IF YOU'RE NOT MARRYING... on 12-13-14, you can still call upon the Strip-close wheel on another date. It's $24.95 to ride the 550-foot High Roller, which is billed as the World's Tallest Observation Wheel, and, yep, entire cabins can be rented for a higher fee, if you're looking to do some proposing or have private time with pals. But the real question is if you can see your house from the top of the High Roller. Almost, right? Regardless of where you live? Those Vegas vistas do stretch on, practically into the next century.

Photo Credit: Denise Truscello]]>
<![CDATA[Vegas Yuletide: Sin City's Sparkliest Season]]> Wed, 17 Dec 2014 15:03:53 -0800 http://media.nbcsandiego.com/images/213*120/bellagiopolar1234345.jpg

BRINGING THE RAZZMATAZZ: Though a certain natural-nice, twine-pretty, evergreen-and-snowflake aesthetic has taken hold of our collective hearts in recent years, we still want our holidays to arrive with plenty of razzmatazz. You could use the words "blingy" or "sparkly" or "twinkly" or "out-sized" and all would apply, very well, to our desire to see the end-of-the-year proceedings do it up, a bit. And only one place has a true lock on the business of razzmatazz. Oh, for sure, New York's got the knack, and other big cities, and little towns devoted to decorations, but Las Vegas is Razzmatazz Central all year long. It's no shocker, then, that its holiday gewgaws and goings-on don't exactly level the playing field for anywhere else; Sin City is going to go further on the festive front. And so it is, again, in 2014, at several spots along The Strip, and off the main thoroughfare, too. Take a look at...

BELLAGIO CONSERVATORY AND BOTANICAL GARDENS: You can take a guess, each and every year, about how many poinsettias the indoor plot plants, but you'll probably underestimate it by several thousand. Any of us would, because The Bellagio has 28,000 poinsettias on display, which is about 27,999 more than most of us have in our home. Seven thousand warm white LED lights, topiary polar bears, and animated penguins complete the razzmatazzian scene, through Jan. 8.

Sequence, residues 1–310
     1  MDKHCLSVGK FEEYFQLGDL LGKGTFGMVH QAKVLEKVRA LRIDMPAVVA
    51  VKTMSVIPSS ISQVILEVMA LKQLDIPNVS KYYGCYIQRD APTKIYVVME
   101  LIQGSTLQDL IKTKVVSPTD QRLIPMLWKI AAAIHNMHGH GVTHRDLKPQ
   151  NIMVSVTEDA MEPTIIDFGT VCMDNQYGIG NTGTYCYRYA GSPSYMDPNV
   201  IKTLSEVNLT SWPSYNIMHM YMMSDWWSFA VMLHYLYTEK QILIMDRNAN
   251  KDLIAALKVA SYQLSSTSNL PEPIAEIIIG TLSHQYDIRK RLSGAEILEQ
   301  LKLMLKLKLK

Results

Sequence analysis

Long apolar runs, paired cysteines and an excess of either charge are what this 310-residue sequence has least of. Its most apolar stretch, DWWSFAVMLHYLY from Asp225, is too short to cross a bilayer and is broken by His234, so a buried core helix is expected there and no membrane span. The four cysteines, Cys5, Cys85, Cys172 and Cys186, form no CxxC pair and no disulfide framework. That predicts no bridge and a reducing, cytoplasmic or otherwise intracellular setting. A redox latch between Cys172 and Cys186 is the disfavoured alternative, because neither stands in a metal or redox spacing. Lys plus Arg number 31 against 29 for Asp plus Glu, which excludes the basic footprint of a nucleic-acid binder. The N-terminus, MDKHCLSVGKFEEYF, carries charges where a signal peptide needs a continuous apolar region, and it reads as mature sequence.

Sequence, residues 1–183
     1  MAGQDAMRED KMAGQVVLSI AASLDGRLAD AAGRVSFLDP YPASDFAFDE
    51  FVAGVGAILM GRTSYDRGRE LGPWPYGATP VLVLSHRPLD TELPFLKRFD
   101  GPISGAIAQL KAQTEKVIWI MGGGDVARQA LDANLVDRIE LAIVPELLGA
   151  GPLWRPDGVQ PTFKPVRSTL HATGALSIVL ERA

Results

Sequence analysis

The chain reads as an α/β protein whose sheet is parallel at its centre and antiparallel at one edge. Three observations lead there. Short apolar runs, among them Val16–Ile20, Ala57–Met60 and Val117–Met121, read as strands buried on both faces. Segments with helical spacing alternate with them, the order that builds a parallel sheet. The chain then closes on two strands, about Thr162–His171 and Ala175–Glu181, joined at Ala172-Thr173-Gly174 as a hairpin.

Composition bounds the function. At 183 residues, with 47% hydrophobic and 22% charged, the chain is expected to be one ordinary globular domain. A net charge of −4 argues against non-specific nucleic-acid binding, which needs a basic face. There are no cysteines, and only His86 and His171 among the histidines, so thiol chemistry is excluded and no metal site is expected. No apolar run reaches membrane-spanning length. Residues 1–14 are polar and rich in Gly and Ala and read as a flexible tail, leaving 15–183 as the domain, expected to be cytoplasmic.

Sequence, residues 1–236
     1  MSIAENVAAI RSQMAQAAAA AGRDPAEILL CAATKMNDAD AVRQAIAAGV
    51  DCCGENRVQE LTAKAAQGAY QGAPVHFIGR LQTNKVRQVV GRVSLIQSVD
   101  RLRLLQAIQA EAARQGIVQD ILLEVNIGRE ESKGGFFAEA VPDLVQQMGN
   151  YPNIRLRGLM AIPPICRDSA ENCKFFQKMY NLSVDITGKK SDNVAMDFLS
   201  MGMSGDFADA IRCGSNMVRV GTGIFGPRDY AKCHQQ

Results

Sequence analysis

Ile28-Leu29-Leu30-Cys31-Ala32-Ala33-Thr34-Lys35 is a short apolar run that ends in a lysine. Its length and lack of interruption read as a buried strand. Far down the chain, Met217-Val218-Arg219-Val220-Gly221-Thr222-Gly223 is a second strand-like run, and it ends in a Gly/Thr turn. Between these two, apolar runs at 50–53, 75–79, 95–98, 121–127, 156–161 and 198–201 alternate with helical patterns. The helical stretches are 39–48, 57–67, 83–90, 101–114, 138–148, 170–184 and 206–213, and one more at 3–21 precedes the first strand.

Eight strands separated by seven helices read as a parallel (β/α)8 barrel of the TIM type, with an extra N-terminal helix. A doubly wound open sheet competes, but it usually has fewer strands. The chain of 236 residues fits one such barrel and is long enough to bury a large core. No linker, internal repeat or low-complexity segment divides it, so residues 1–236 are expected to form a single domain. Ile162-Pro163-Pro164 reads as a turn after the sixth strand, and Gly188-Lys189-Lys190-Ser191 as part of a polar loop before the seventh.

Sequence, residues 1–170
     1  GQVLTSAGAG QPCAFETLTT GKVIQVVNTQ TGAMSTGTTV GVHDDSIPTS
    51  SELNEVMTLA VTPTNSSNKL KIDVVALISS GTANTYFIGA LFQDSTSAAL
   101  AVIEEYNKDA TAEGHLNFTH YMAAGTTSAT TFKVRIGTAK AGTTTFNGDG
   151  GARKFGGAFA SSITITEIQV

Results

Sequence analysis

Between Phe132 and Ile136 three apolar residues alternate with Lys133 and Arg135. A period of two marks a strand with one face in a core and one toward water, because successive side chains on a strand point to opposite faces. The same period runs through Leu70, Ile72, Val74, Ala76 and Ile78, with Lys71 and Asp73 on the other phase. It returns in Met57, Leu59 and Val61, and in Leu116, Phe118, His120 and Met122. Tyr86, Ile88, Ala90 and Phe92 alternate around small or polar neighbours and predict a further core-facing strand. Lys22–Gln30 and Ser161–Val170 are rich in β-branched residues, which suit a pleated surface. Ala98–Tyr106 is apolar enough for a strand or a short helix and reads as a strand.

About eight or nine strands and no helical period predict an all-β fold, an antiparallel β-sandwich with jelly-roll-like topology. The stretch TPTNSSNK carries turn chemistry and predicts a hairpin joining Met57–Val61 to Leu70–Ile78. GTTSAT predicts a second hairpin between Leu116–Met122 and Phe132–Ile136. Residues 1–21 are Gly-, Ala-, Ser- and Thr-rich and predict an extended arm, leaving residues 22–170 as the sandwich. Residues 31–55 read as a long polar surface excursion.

MANDALAY BAY SHARK REEF: The Christmas doings at this watery wonderland naturally take on an aquatic theme, so don't be surprised to see "Santa in the Shipwreck" happening every December weekend (and extra dates near Christmas). Free pics with admission are one plus, as is the appearance of Santa Jaws. Santa. Jaws. Wowza. How have we gone forever without pairing Kris Kringle and sharks?

NEON MUSEUM: Take an after-sunset stroll in the Boneyard and admire the signs with a little twinkle. There was the beautiful December to Remember event, too, on Dec. 13, which featured a holiday spin on the classic signage.

JEAN PHILIPPE PÂTISSERIE: The Bellagio-based chocolatier is taking the whimsical notion of the chocolate Santa and going much, much, much bigger. How much? There's a life-sized, fully edible Jolly Ol' Elf in the window of the posh candymaker. Some 230 pounds of dark chocolate and 50 pounds of fondant went into the festive figure. 

AND... if all of that chocolate further sweetens your mood, step outside and eye The Bellagio fountains, which are caroling up The Strip through Jan. 4, complete with the classic water show.

Photo Credit: Bellagio Conservatory & Botanical Gardens]]>
<![CDATA[Granite and Ice: Curry Village Rink Open]]> Fri, 12 Dec 2014 15:28:29 -0800 http://media.nbcsandiego.com/images/185*120/yosemitenationalparkhistoricrink123.jpg